What Should China Do About Golf Course Construction?

Guilin Merry Land Golf Course

China has a ban on unauthorized golf courses, but that has apparently not stopped them from being built. China’s Rapid economic growth and increasing living standards has spurred the 14% increase of facilities.

By the end of last year, the country had added 10 new courses last year, bringing the total to nearly 500. But, only 10 of the facilities have been approved and given licenses for business by China’s Government. Only 10? There are more golf courses in a 25 mile radius from where I am sitting than that! The rest of them are illegally built and operated.

It would seem as though the Chinese government doesn’t favor golf in the way that its people does. This, however, isn’t necessarily the case. China’s Ministry of Land and Resources banned the construction of golf courses back in 2004 in order to prevent the illegal use of farmland and make sure that the country is able to feed itself.

The Government set a threshold of 120 Million hectares of farmland needed in order to feed the 1.3 billion people currently living in the country. But in the past 12 years the farmland shrank by 8.33 Million hectares including the 18309 hectares used last year for golf courses and other illegal projects.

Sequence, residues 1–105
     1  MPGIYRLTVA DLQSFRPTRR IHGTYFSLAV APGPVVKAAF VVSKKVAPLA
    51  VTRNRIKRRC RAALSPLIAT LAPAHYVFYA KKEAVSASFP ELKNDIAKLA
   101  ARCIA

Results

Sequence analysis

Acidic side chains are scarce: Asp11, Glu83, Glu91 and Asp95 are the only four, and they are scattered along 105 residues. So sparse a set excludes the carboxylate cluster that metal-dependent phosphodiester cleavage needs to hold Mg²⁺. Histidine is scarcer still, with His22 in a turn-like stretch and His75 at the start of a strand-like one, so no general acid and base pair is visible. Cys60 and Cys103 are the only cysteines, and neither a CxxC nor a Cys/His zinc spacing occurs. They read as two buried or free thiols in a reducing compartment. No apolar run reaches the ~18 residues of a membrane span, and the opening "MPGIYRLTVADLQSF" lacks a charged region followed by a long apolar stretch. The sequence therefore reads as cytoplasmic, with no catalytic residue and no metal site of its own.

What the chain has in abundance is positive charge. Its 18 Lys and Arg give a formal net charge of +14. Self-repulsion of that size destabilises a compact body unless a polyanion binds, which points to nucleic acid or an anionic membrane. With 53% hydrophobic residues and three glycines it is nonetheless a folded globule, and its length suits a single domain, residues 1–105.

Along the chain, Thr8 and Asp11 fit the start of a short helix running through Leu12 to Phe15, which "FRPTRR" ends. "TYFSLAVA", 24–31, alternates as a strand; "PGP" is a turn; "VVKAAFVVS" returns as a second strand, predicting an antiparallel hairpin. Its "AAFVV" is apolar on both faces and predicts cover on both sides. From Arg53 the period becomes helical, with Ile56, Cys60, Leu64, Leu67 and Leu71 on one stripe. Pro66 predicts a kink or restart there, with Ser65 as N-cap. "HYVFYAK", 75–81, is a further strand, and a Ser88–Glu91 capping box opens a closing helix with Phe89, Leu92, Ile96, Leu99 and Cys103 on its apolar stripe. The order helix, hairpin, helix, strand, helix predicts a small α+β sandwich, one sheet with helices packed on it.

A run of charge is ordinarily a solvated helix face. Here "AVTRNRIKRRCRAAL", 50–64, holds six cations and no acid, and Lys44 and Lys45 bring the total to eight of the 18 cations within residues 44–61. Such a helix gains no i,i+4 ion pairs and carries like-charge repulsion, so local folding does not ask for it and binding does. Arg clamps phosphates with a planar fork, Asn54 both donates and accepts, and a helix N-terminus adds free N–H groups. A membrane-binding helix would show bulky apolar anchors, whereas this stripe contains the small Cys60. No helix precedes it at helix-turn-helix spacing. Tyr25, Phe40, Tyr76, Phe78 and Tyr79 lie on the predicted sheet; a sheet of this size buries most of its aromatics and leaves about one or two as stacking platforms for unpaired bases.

Most of the illegal golf courses have been built using the names of country clubs, greenbelts and parks, omitting the use of the word golf in their names or anywhere on their planning documents. Others have been illegally renting rural land for the construction of golf courses as a way to usurp the approval process.

The local governments have been turning a blind eye to such practices because the golf courses will likely push up property prices, and in turn increase revenue for the fiscally stretched governments.

Do you think the Chinese government should lift the ban on golf course construction? Or should they impose larger penalties on violators?

~Scratch

 
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